Max Payne 3 was the third version of the videogame. Had any of the band members played the previous version of the game?

I knew about the first one. It was a big deal when it came out, but I didn’t have a Playstation or whatever, so I never played it. But once we got this soundtrack job I bought a bunch of old systems and just played those a lot.

Another question about Max Payne 3 that I have involves how graphic the game is. Did it make HEALTH uncomfortable to create a soundtrack for such a violent game?

It’s insanely violent. The camera slows down when a head explodes. I really like violent video games and movies, though. We felt like our music was appropriate. One thing we did do for the soundtrack – because it’s crazy how violent this game can be – is that we took the situation of what was happening at face value. In this game you are literally a super human capable of shooting hundreds and hundreds of people and not die yourself. Due to this, on certain music cues we would put in tones that felt contemplative because if you really were a kind of person who could kill thousands of people and survive, you would feel really weird and your character would have to be incredibly damaged. We wanted our music to provide a third eye ball kind of thing for the game. And we like movies where music plays that sort of role too.

Was it different orchestrating a videogame soundtrack as opposed to an album? Did you have to change your music a lot?

No, we didn’t have to change our music a lot. What’s really cool about Rockstar Games is that they let us be ourselves, which is not what you’d expect. For instance, when you do a movie or something, it would be rare for them to be like, “okay, do what you do”. There have been big movies scored by cool musicians like Daft Punk or M83 or whatever. And then you’re really excited to hear it, but then they don’t really sound like themselves. I’m sure their music would have sounded like them to begin with, but then the studio would keep making suggestions until it sounded just like a regular movie score. What’s different with Rockstar is that they were down for whatever we wanted to do. However, everything was subject to review and had to work. There were tons and tons of revisions, and tons of notes. But we were really on the same team, so in the end it really sounds like our band.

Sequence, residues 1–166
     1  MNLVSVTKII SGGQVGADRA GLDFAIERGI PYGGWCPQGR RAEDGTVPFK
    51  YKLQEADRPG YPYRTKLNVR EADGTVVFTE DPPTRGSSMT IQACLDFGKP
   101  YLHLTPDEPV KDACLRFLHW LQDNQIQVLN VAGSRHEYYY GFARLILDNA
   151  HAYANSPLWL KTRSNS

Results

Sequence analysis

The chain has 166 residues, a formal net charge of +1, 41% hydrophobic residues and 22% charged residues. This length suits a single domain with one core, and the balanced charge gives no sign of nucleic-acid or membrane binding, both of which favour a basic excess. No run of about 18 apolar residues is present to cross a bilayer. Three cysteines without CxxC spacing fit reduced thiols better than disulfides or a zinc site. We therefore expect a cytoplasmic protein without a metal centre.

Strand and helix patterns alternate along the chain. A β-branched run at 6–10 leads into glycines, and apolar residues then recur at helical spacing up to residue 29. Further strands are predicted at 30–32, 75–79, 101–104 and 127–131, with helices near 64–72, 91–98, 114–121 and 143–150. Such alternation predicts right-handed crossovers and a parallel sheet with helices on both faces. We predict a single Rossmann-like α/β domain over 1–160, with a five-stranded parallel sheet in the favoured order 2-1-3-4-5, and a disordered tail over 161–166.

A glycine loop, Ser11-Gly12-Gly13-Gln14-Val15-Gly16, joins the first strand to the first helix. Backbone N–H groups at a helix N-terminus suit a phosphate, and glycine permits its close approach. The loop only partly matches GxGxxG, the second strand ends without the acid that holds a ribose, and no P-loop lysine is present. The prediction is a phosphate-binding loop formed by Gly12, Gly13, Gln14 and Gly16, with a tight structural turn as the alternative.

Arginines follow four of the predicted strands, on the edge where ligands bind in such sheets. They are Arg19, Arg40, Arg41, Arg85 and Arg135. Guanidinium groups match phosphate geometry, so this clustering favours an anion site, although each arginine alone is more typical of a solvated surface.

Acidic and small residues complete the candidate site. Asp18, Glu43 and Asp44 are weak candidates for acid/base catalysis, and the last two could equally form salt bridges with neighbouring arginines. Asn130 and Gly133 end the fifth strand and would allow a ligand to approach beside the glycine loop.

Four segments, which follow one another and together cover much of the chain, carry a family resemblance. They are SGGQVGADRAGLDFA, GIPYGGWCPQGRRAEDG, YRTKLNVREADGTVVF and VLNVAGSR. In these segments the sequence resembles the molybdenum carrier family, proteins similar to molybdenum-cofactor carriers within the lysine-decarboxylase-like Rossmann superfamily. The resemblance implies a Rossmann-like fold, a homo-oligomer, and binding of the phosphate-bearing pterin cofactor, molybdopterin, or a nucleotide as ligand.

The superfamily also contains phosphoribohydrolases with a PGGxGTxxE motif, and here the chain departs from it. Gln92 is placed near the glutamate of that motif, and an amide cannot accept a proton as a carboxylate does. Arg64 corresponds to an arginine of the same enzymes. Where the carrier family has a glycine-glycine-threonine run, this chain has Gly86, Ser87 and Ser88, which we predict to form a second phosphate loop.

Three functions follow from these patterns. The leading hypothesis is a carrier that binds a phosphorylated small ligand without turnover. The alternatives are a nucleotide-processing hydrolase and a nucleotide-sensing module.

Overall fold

So jumping back to
DEATH MAGIC, what inspired the lyrics in your songs? Some of your lyrics can be quite sad and moody, yet relatable.

The lyrics are very existential and are on our minds the whole time. A lot of stuff with DEATH MAGIC is like moments when you’re at a party and having a good time but you can feel weird despair in the back of your head. They’re relatable and real. In our previous records, you couldn’t really hear the lyrics very much, but in this album you could really hear the lyrics and more attention was given to that.

Why did you decide to make the lyrics more audible in

People always asked what we were saying in our previous albums. With DEATH MAGIC, we wanted to have different production with the vocals very clear and upfront, not unlike radio music or hip hop or club music.

That’s interesting, because I feel like Crystal Castles made a similar transition from vocal distortion to vocal clarity with “Not In Love”, which became one of their most well-known and well-liked songs.